Taxpayers rightly expect appropriate levels of professionalism from state government. Such standards certainly must include rigorous monitoring for and enforcement against sexual harassment within state agencies. Iowa state government, with 16,000 full-time employees, is making progress on that score as it attempts to move beyond its past failures.
The Iowa Department of Administrative Services confirmed 10 complaints of sexual harassment in the fiscal year that ended June 30. Allegations of inappropriate behavior including unwanted touching and sexual comments were valid in those cases, the department’s investigations concluded. State action included the dismissal of employees in departments including Transportation, Human Services and Revenue.
Before last year, the Department of Administrative Services assisted in investigations only if other agencies requested help. But that approach clearly was deficient. The State of Iowa has agreed to pay $4.1 million, for example, to two women over claims of lewd and offensive behavior by former Finance Authority Director Dave Jamison. Gov. Kim Reynolds fired Jamison last year following allegations that he had made multiple vulgar and sexually inappropriate comments to female staffers. A key problem was the lack of clarity in state policy about how to conduct an investigation of an agency director.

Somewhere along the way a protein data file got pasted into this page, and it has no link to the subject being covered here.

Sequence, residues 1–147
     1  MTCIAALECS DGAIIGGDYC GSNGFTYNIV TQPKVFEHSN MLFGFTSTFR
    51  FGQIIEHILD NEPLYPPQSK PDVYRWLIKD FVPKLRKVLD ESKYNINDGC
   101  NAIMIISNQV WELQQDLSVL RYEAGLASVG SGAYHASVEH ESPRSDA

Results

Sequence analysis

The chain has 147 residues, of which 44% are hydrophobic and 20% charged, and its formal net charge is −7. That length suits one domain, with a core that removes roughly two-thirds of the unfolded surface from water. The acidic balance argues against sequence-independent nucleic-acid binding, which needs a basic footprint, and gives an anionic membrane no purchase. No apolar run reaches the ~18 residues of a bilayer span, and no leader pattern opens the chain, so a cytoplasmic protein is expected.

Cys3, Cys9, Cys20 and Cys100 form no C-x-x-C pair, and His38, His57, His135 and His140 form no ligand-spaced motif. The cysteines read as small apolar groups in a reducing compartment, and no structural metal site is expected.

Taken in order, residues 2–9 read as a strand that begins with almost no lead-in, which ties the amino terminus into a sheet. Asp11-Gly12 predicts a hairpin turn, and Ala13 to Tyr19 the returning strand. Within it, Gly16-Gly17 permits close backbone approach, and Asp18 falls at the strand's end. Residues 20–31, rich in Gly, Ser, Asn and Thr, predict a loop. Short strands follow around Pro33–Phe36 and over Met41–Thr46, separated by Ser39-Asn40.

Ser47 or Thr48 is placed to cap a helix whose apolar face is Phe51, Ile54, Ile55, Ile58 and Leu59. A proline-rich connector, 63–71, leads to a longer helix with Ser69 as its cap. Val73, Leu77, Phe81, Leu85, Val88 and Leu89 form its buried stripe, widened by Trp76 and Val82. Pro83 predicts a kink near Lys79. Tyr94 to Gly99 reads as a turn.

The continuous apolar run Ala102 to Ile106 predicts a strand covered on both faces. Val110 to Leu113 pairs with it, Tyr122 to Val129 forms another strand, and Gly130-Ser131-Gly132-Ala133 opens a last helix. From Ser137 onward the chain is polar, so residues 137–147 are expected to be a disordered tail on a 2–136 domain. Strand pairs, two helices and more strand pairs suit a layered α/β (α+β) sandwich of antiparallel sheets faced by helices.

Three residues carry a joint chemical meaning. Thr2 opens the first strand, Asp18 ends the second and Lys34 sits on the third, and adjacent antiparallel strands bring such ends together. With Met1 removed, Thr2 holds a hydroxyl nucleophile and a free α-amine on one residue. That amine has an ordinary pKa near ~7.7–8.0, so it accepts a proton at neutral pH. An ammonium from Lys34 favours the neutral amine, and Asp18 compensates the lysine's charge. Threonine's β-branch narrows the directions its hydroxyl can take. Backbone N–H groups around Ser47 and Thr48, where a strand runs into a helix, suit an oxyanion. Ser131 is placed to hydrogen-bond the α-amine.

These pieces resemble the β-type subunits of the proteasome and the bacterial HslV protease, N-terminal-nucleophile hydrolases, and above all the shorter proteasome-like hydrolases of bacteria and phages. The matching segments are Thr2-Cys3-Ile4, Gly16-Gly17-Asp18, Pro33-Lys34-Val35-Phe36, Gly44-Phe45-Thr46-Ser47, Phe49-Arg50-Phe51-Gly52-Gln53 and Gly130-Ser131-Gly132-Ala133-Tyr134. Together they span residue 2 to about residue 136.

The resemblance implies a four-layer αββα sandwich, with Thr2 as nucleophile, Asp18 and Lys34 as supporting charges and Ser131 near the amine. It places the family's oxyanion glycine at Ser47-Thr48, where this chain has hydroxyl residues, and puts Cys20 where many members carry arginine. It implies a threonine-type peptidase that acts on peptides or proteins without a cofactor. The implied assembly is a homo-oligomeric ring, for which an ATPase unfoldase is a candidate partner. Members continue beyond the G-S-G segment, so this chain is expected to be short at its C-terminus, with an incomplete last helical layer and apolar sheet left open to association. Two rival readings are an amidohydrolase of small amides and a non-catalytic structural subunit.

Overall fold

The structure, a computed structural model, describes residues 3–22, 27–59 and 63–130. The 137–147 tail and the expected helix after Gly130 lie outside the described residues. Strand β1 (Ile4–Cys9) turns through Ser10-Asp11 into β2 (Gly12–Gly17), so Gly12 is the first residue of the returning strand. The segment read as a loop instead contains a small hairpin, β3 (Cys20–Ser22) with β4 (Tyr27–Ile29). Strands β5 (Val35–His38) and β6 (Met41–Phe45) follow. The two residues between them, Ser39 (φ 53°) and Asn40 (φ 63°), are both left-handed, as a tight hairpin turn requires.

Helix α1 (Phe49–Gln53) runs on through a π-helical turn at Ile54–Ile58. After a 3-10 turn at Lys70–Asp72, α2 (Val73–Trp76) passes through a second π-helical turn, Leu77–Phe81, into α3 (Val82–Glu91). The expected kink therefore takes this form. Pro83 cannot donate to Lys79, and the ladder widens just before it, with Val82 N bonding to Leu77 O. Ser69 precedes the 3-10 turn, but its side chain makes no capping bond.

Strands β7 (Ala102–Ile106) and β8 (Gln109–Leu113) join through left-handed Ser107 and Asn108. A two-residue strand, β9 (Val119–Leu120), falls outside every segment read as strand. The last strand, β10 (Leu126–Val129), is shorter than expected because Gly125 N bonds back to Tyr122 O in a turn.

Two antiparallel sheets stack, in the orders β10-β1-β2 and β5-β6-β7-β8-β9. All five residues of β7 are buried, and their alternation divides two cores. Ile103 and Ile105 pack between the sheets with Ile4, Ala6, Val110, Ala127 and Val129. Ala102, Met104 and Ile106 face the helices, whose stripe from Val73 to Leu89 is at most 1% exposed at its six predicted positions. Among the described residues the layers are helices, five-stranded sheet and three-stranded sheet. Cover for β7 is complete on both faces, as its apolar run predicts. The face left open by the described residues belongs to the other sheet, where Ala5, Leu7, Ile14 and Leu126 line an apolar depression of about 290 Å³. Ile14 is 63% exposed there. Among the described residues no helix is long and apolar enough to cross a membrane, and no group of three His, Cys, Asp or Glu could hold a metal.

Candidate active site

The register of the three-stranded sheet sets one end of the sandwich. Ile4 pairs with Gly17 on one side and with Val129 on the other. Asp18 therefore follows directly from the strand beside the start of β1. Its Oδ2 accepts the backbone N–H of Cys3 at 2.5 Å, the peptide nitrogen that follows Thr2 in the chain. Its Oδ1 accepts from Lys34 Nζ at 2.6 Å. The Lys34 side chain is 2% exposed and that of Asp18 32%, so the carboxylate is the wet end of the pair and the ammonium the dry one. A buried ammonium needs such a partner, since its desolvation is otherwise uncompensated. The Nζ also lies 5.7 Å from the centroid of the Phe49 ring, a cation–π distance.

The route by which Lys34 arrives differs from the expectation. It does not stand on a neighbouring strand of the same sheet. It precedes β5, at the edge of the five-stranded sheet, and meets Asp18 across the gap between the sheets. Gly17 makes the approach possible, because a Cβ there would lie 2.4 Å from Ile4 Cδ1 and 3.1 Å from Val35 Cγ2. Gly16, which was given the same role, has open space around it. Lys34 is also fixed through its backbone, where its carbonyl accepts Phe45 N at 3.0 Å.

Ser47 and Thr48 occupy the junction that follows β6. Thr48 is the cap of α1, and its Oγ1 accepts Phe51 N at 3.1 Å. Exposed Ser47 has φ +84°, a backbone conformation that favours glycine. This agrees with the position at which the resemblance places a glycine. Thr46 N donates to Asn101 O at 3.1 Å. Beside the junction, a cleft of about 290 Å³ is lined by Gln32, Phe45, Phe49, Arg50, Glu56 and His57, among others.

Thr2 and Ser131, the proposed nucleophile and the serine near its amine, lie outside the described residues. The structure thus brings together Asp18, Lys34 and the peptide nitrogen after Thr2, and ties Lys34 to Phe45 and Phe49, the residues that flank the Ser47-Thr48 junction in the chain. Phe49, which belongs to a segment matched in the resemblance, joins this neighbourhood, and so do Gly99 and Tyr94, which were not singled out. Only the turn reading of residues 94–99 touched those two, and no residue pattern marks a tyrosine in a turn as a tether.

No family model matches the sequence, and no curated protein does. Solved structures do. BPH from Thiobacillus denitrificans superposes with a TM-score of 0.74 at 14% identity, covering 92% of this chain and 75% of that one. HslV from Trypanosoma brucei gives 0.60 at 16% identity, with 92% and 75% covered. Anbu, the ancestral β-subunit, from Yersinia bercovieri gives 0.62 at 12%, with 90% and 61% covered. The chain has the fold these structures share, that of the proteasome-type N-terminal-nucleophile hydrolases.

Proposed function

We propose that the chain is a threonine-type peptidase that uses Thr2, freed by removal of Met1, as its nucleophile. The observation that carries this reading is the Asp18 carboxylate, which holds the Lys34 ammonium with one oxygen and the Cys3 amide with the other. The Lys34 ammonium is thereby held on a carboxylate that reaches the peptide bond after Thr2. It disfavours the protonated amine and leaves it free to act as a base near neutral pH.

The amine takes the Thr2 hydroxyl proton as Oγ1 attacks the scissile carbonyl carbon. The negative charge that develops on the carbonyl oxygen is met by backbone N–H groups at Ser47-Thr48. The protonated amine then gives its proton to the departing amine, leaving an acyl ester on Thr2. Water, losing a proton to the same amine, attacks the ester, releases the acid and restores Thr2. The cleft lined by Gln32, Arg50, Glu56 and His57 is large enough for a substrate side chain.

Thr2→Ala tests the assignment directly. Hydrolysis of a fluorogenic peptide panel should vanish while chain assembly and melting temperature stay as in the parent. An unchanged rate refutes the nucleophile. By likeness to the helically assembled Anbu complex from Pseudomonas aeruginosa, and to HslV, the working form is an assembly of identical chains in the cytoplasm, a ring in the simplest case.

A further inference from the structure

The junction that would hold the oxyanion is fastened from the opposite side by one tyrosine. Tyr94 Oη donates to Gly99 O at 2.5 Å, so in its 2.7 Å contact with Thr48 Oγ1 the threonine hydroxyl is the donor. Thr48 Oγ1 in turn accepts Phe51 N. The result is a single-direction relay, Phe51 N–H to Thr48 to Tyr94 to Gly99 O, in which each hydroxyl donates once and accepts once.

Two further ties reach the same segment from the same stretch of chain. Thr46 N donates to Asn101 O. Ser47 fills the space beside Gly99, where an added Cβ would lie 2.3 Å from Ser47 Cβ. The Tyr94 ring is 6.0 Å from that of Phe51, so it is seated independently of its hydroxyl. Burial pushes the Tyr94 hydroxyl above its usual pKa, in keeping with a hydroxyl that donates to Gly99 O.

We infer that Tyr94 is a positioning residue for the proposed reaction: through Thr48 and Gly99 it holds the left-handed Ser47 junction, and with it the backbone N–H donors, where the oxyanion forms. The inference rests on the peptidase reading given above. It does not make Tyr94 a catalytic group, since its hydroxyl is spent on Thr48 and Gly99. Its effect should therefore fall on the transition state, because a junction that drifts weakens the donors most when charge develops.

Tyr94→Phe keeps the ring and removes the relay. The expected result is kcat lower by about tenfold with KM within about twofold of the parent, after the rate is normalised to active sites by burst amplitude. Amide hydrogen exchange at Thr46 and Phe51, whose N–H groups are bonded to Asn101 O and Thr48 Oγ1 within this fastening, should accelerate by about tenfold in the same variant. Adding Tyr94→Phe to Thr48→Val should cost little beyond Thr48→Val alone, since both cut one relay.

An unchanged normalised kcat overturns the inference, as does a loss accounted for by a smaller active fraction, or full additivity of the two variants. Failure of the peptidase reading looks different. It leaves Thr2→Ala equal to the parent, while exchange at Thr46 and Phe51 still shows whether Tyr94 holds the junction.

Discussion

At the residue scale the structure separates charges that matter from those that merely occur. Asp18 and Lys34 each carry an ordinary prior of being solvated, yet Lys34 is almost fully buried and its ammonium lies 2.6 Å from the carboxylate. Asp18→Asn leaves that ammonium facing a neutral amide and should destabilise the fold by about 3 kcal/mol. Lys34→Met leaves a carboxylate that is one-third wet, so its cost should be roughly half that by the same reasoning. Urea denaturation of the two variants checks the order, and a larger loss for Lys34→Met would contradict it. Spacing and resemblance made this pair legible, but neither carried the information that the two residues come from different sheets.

That situation spurred the stepped-up attention to sexual harassment policies and a more active role by the Department of Administrative Services. Under the new rules, supervisors who are aware of misconduct but don’t report it can also be fired.
This greater focus is welcome. Iowa state government needs to demonstrate that it is taking all appropriate steps to ensure respectful workplace environments, backed up by sound policies for complaints, investigations and sanctions.